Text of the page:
Halloween Review

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Trailer
  • Halloween film still

Score

Why not celebrate this Halloween by revisiting John Carpenter's seminal 1978 slasher?

Often considered the granddaddy of the so-called slasher genre, John Carpenter's Halloween (1978) simply, steadfastly refuses to date. Co-written with first-time scribe/producer Debra Hill but produced, directed and scored by Carpenter himself, it's a film whose gnawing, back-to-basics tension will invariably pop into your head three days later at around 3am.

If you haven't already had the pleasure, the film sees Jamie Lee Curtis's bookish Laurie Strode takes on extra babysitting duties so her friends Annie (Nancy Loomis) and Lynda (PJ Soles) can celebrate Halloween by getting down to it with some guys in the parent-free house over the road. In the meantime, Dr Loomis (Donald Pleasence) arrives in the area on the trail of a psychopathic child who's broken out of the local psych ward. As he tries to convince the police that nobody is safe, Annie and Lynda fail to answer their phone, and so Laurie nips over the road to see if everything's okay. Of course, everything is not okay.

No twists, no long, complex backstory, just a wackjob with a bucher's knife and a $300,000 budget. Sure, we've seen this set-up countless times, to the point that we may be desensitised to it, but this is surely the first and best within its genre. This is less a case of box checking conventions, more a masterful recalibration of oft-abused horror tropes: while the plotline, structure and dynamics of Halloween have been copied ad infinitum, it's incredible that we're still freaked out by the sight of a masked maniac staring at the girls from behind some undercrackers on their washing line. It's timeless, with Carpenter effortlessly weaving 1 hour and 33 minutes of straight-up fear set to a pulsing soundtrack that, in itself, remains supremely terrifying.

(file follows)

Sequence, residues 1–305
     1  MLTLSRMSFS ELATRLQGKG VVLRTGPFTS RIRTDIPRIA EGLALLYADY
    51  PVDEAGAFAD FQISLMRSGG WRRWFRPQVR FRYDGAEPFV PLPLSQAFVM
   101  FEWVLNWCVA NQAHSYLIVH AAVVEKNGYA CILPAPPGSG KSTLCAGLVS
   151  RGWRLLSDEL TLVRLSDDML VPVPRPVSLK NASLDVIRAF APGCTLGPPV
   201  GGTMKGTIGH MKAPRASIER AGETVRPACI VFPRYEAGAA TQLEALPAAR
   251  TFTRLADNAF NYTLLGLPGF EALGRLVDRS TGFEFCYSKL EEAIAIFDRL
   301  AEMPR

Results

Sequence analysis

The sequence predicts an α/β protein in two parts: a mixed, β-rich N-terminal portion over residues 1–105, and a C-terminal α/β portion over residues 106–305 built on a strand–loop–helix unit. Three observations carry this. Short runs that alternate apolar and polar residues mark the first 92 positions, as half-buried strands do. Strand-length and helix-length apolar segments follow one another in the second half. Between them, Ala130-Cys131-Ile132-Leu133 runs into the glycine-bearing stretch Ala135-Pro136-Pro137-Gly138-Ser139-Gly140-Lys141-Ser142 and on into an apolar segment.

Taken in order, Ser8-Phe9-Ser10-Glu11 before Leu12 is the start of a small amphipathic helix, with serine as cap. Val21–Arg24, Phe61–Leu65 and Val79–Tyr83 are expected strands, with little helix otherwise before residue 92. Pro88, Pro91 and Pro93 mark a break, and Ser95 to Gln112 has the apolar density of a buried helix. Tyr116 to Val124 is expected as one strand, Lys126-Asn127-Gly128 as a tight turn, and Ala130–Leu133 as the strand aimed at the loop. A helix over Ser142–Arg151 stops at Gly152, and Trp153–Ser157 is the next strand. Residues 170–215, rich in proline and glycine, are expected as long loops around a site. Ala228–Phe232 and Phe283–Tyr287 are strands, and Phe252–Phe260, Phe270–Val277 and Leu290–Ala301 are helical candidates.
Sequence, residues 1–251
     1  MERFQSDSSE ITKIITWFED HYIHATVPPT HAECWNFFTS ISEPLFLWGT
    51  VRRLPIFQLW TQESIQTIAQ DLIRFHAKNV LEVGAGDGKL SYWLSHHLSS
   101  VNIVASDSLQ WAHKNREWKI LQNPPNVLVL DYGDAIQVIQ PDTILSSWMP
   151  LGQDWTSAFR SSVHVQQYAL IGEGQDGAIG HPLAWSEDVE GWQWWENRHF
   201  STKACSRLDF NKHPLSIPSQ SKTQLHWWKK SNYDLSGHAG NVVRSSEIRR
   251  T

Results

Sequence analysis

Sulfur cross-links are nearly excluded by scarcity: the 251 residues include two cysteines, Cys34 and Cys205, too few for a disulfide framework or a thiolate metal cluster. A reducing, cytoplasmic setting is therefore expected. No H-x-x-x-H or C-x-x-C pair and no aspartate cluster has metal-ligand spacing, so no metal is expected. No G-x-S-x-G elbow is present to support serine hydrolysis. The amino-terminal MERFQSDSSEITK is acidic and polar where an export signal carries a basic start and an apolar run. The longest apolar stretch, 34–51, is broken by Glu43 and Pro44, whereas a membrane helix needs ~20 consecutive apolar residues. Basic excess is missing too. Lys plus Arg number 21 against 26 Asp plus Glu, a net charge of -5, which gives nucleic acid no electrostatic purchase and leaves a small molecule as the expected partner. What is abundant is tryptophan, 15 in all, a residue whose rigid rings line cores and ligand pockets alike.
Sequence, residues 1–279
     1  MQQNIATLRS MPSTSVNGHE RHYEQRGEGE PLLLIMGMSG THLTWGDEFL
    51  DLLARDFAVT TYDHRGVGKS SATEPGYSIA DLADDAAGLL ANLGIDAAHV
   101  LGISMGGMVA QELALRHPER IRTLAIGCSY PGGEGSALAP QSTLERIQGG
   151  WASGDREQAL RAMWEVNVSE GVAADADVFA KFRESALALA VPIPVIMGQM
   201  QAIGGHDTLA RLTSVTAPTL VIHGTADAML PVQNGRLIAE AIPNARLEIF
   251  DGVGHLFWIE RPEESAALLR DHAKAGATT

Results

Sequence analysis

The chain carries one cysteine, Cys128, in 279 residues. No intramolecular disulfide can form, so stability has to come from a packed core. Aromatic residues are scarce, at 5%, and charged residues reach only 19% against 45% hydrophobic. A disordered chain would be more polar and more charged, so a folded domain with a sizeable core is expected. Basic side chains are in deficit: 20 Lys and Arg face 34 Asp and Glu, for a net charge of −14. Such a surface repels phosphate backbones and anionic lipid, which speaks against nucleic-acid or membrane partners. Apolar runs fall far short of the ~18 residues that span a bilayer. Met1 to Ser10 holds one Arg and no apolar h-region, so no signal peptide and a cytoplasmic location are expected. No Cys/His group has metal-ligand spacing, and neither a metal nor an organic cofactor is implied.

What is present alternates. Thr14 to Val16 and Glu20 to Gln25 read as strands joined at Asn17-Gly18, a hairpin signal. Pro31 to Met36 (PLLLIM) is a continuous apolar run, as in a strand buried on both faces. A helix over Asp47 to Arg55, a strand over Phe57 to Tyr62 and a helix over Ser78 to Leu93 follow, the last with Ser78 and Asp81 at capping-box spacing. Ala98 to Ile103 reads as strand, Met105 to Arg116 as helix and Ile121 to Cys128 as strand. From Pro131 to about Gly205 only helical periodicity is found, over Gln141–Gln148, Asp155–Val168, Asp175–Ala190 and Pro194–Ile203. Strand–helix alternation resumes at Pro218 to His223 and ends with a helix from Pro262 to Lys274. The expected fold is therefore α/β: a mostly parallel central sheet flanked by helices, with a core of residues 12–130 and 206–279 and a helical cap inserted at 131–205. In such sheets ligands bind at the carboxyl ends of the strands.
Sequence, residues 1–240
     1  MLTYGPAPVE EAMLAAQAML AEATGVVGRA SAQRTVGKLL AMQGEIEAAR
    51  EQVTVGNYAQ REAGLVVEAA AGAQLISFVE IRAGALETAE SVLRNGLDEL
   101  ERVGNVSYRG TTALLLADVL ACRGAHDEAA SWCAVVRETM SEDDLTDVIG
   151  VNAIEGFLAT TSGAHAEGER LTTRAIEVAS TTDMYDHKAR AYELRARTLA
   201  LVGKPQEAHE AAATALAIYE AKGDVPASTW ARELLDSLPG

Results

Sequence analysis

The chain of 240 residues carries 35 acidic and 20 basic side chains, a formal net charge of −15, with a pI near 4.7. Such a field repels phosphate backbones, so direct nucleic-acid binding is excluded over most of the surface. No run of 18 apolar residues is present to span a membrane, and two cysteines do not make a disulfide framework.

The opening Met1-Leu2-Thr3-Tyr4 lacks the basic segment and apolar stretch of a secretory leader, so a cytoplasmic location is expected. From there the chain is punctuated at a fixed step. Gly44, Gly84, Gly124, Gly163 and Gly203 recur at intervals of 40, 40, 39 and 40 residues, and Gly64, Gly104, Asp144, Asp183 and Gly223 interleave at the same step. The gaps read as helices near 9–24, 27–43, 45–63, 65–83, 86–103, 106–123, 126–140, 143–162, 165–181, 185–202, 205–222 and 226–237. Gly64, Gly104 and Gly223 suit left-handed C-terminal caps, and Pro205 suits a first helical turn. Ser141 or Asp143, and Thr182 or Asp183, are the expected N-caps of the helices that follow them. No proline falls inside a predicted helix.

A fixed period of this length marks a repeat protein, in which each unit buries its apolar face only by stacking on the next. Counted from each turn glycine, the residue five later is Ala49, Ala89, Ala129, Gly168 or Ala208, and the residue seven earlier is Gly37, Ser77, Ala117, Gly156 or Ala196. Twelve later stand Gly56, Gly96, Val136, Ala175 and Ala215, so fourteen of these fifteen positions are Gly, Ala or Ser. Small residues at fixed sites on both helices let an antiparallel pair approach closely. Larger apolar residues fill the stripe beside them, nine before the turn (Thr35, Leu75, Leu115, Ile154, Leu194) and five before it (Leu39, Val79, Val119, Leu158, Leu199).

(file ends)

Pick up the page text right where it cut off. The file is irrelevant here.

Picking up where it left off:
Drawing out the final showdown to near-breaking point, the widescreen frames and assiduously placed shadows conceal Myers, which in turn ramps up the claustrophobic tension. As he appears from behind bushes, is framed in doorways and is seen glancing up from a garden, soon all background shapes begin to take an eerie human form with the subjective camerawork casting constant doubt over whose perspective we're seeing the action from. Oh, and there's nothing quite so creepy as heavy breathing through a mask. Nothing.

Loomis' doctor seems to do nothing but wander about, occasionally pushing the plot forward and spouting some cheesy expositional dialogue ("He's gone from here! The evil has gone!"). Though it's significant that the dearth of detailed characterisation, bar an array of fairly two dimensional stereotypes go almost unnoticed, so intent are you on tracking Myers' ever narrowing circles around these two houses. You even forgive Myers' vaguely implausible inability to feel pain because, hey, it's bloody terrifying. Why ruin the fun?

So this halloween, don't accept any subpar imitations and don't expect to enjoy sleeping alone for a while.

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